• Based on this assumption, consultants naturally concluded that pension plans should use specialty manager structures (hiring specific managers for each asset class as opposed to balanced managers, which invested across various asset classes) and that hiring multiple managers in each asset class (say two or more global stock managers) is even better (often by hiring managers that presented different tactics or outlooks – top down vs. bottom up; growth vs. value; quantitative vs. qualitative). The advice essentially boiled down to: hire our highest-regarded managers and hire more of them.
  • Further, plan sponsors, on the advice of consultants, adopted detailed monitoring processes and were predisposed to making changes in investment managers.
  • Consultants began looking for opportunities to take further positions in traditional asset class manager skill through synthetic products, like 130/30 (a stock fund that invests 130% of its assets in chosen stocks and shorts 30% of its assets in other chosen stocks), portable alpha funds and market neutral hedge funds.

The Benefits of Investment Manager Research for Traditional Asset Classes

That deep investment manager research in traditional asset classes would be expected to result in skilled managers and better outcomes over time is an attractive concept.  An industry exists that charges money to sophisticated investors for this service: why would sophisticated investors choose to purchase that service if it didn’t add value?

Unfortunately, the logic and evidence in support of value from manager research on traditional asset classes is weak:

  • Logic:
    • It is accepted to be very difficult (or nearly impossible) for traditional investment managers to manage a portfolio of individual stocks or bonds selected from the universe of stocks and bonds that will persistently add value over the market over time. Choosing a manager from amongst the universe of managers (all of whom will manage portfolios of stocks or bonds) that will have better returns than other managers is more abstract, and thus should be presumed more difficult (in absence of compelling evidence).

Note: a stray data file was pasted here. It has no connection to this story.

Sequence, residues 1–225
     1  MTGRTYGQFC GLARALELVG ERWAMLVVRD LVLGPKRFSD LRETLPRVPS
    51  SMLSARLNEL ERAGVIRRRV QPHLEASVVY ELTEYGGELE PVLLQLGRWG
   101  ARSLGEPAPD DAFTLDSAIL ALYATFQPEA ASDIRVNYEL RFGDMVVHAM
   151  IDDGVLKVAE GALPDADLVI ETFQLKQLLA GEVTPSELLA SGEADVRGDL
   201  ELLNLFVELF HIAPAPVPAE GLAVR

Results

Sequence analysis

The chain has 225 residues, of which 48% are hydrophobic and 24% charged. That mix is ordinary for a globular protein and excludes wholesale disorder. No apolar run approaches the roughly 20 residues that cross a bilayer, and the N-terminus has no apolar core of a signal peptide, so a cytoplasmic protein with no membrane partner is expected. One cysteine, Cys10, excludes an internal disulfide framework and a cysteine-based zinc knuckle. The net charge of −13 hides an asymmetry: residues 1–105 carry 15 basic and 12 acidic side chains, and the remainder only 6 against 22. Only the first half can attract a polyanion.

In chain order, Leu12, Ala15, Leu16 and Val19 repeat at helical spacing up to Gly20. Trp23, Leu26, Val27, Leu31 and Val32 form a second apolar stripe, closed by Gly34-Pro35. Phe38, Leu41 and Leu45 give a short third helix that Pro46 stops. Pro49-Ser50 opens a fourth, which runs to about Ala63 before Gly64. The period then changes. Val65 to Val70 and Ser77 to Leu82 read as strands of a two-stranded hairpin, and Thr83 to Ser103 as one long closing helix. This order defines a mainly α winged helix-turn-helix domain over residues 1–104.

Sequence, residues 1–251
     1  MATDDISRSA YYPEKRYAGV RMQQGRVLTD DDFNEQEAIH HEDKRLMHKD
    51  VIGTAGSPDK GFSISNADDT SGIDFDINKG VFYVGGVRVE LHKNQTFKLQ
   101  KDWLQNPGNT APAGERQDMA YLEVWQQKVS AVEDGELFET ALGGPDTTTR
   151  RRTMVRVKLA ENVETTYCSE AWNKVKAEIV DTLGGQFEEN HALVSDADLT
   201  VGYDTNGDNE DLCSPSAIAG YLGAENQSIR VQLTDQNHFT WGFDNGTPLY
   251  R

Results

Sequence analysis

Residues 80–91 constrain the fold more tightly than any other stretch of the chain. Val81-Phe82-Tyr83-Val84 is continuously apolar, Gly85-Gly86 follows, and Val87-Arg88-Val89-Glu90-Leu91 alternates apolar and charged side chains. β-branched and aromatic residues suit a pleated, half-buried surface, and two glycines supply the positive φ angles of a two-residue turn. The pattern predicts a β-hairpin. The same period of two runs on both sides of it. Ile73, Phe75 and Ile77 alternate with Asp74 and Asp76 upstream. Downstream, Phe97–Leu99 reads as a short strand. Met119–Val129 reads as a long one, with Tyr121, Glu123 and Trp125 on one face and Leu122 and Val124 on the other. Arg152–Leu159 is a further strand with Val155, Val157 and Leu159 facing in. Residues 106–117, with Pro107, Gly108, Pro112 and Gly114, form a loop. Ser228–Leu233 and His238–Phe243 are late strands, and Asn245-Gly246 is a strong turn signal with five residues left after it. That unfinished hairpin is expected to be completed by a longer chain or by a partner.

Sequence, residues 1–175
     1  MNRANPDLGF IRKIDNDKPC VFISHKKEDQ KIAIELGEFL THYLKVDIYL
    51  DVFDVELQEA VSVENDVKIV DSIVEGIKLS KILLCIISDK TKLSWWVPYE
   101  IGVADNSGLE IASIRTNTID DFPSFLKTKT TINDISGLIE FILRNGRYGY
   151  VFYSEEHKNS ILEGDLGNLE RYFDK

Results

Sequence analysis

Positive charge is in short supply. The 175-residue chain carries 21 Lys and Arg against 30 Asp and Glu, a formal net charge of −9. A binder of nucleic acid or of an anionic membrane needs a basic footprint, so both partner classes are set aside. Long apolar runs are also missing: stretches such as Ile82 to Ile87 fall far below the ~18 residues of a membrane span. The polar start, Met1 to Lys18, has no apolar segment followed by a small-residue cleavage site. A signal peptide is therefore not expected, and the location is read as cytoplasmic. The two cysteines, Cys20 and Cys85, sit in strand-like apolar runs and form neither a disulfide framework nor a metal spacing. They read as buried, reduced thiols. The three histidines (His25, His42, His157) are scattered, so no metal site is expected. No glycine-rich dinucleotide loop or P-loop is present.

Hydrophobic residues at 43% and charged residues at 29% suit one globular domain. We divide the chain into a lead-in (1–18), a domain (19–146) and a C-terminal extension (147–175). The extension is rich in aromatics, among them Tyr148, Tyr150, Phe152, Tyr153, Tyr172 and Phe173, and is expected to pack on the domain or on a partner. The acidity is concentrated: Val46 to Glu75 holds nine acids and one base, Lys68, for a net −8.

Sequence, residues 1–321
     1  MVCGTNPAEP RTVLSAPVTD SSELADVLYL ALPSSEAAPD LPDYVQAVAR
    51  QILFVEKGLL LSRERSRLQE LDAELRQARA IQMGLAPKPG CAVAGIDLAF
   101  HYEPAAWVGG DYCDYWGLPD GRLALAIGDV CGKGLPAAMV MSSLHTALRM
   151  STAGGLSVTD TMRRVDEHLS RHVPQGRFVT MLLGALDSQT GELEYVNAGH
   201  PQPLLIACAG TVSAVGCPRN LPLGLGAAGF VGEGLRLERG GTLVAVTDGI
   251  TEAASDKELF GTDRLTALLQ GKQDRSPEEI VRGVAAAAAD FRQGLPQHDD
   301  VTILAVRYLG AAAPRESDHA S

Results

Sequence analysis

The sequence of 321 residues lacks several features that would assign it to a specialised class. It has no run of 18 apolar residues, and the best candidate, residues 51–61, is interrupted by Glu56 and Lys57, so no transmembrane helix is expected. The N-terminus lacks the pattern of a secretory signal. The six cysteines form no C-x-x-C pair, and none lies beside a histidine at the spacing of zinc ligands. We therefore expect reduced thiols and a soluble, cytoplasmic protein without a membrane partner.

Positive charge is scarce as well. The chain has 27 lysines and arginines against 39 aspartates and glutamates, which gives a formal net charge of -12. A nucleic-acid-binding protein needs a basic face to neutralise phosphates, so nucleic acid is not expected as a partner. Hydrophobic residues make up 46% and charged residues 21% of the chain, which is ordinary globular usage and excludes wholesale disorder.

• Evidence:
    • There would be enormous financial benefits for consulting firms with deep investment manager research functions to show that their recommendations add value. For consultants with a rating system, this would involve subjecting the performance of their highly-rated managers to external, rigorous and ongoing scrutiny across time and geographies.  Over the last 20 years (around the time that consulting firms started manager research in earnest), no consulting firms have presented anything external, rigorous and ongoing to the market supporting their abilities in choosing traditional investment managers [5].
    • At various times, some consulting firms, and other market participants, have offered funds-of-funds for traditional asset classes, essentially funds managed by their highly-rated (or highly-regarded) investment managers. These funds are available for independent review and returns have not supported the position that manager research leads to better return outcomes.
    • Finally, in reviewing the marketing materials for delegated investment managers (essentially allowing a consultant, or other provider, to make investment manager decisions on behalf of a client), there are no clear claims of better fund performance from manager choice. The arguments in support of these offerings are largely speed of execution (i.e., speed in changing managers [6]), implementation of consulting firms’ best ideas and freeing up of committee/sponsor time.

Given the inherent difficulty of the task, the existence of sufficient data within large consulting firms to perform analyses (and to support ongoing analyses) and the enormous financial benefits associated with providing evidence of this ability, one should be very skeptical that manager research can provide benefits in traditional asset classes [7].

Plan sponsors must consider this lack of evidence when considering what investment committees spend their time on and what they pay for providers to do on their behalf.